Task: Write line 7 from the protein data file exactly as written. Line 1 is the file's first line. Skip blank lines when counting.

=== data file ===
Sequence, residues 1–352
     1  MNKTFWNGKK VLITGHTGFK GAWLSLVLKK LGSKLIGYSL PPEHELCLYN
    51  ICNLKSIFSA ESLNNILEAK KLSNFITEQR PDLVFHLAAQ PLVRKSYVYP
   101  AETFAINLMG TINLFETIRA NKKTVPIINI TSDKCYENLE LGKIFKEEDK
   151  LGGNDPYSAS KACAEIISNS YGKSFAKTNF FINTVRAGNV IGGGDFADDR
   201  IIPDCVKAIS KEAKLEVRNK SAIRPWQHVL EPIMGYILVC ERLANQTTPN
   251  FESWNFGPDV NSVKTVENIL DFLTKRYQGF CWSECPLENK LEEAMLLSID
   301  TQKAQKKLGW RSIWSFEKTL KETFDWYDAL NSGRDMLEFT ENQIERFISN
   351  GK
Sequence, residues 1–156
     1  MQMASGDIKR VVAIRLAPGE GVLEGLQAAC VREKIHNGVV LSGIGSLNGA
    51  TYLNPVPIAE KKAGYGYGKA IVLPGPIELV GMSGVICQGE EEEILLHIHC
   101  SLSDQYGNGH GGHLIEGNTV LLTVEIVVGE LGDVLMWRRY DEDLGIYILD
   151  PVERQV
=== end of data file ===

   251  FESWNFGPDV NSVKTVENIL DFLTKRYQGF CWSECPLENK LEEAMLLSID